Notes from 21st Century Assessment

Notes from 21st Century Assessment Session

Konrad Glogowski

  • What we know about assessment
    • Assessment is the tail that wags the curriculum dog
    • Grades with substantive comments have the most impact on
      learning
  • What impact does a blogging community have on the role of the teacher?
    • Reflecting on what happens in the classroom, both online and off — show how much you have learned
    • Noticed that the students were engaged in talking with the community, but not by communicating with the teacher
      • Students saved docs, printed them and gave them to the teacher offline
      • But, they were interested in conversations with one another
    • Is this evidence of learning?
      • Not in the sense of “data” that is measured on a test
      • Rubrics, too, only focus on what they can not do and not on what they can do.
  • Current Models
    • Metaphor of acquisition moving to a metaphor of participation to metaphor of knowledge creation
    • Assessing learning of what is taught in test conditions (behaviorist) to assessing learning as individual sense-making through problem solving and demonstration through projects and writing (cognitive constructivist) to assessing learning as building knowledge with others in a situated context of a community and with real-life problems using resources and represented in a variety of forms(sociocultural)
    • Most of us would want to be in the socio-cultural paradigm
    • Suggestion One: Sociocultural Assessment Practices
  • Models for the Future
    • All of this is woven together, like a mat
    • There are no specific goals, and what they use to
      assess student progress is a narrative, learning and assessment are dynamic and continuous
    • If there is no score, what are they working towards?
      • Rubric combined with narrative response
    • Focus on what students can do, not just the deficits
      • Individuality, learning as holistic, inquiry-based,
        draws from family and home
      • When children see that teachers, families, peers, and others see value in their work and that what they do have meaning, then wonderful things will happen
    • Children who are valued with do valuable learning
    • The government of New Zeeland is looking for learning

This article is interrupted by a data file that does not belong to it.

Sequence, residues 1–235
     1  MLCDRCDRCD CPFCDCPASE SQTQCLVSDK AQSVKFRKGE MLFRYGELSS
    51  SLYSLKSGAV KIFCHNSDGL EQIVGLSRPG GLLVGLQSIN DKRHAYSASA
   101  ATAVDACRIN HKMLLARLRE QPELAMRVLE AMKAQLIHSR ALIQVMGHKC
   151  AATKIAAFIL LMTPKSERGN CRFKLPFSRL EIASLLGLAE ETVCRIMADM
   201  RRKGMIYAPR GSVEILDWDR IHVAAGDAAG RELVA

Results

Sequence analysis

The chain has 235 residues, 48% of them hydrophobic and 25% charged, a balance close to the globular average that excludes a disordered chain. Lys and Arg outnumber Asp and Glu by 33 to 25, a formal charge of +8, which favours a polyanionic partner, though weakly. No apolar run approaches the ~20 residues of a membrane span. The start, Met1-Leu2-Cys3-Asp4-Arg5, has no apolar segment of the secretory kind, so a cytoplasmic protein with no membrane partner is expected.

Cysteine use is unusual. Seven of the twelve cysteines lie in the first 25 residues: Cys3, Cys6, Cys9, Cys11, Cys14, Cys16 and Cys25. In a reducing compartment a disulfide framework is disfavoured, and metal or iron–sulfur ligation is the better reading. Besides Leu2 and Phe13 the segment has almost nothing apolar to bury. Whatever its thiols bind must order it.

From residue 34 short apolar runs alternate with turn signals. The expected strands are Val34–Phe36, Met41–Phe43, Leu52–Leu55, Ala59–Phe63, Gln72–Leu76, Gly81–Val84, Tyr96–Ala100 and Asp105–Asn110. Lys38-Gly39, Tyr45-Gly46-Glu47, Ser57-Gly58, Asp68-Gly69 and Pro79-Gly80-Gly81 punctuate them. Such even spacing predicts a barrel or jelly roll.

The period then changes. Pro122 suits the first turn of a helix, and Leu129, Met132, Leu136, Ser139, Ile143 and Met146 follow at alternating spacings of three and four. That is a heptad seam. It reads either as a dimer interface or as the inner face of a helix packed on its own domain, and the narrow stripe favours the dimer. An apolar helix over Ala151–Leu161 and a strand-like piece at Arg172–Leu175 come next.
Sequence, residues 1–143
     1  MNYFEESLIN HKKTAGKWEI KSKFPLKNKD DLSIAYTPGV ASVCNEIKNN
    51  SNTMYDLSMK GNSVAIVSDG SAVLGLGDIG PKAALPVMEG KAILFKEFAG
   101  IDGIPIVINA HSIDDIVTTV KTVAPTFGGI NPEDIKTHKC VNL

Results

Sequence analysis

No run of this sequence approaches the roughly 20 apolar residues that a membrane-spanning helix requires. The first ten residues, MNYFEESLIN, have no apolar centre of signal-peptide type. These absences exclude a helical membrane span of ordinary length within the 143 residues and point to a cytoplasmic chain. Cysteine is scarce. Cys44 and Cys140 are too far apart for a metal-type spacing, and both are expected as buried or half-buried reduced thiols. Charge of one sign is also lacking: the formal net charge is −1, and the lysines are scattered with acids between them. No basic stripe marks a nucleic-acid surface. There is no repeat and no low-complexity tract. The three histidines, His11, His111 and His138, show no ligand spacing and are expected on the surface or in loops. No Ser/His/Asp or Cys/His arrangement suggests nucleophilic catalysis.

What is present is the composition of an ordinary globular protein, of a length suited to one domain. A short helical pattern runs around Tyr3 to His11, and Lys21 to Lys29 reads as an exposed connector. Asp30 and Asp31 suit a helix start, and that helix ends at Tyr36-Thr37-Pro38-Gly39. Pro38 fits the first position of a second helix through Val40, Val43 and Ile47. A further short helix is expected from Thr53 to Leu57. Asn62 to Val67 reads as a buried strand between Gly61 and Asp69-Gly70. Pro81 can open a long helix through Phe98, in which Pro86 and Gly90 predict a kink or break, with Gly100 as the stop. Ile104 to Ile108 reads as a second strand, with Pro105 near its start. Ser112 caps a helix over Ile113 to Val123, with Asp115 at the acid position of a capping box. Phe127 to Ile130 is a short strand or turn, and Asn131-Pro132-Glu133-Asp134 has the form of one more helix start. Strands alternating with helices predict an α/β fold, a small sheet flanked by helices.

dispositions that invite students to investigate and collaborate
  • Two common dispositions
    • Resourcefulness and agency
  • What we need to do with assessment:
    • Feedback — timely and substantive
      • “Needs to provide information related to the task or process of learning that fills a gap between what is understood and needs to be understood” — missed citation
      • Where am I going, how am I going, and where to next?
      • These three questions can work at different levels: task, process, self-regulation, and self level
    • Self-assessment — and peer assessment, to some degree
    • Revisiting episodes of competence — need to do this more intentionally
    • This creates spaces for conversation about learning
  • Example: how to grow a blog — flower metaphor
    • What do I want to accomplish?
    • How will I nourish it and help it grow?
    • Questions
      • What makes me unique?
      • As a blogger and writer, what will I do?
      • How will I support my peers?
  • Frequency of blog posts as compared to quality of writing and impact on the blogging community
  • Discuss how their own blog post has impacted their own learning and the community by using a “ripple effect” diagram
  • Questions
    • What is the role of the teacher in the 21st century classroom?
    • What are your experiences with assessment as a student?
    • What are the benefits of a learning story approach? What are the drawbacks?
    • To what extent do your current assessment practices promote resourcefulness and agency?
    • Detailed and timely feedback can be time consuming — how do we do it?

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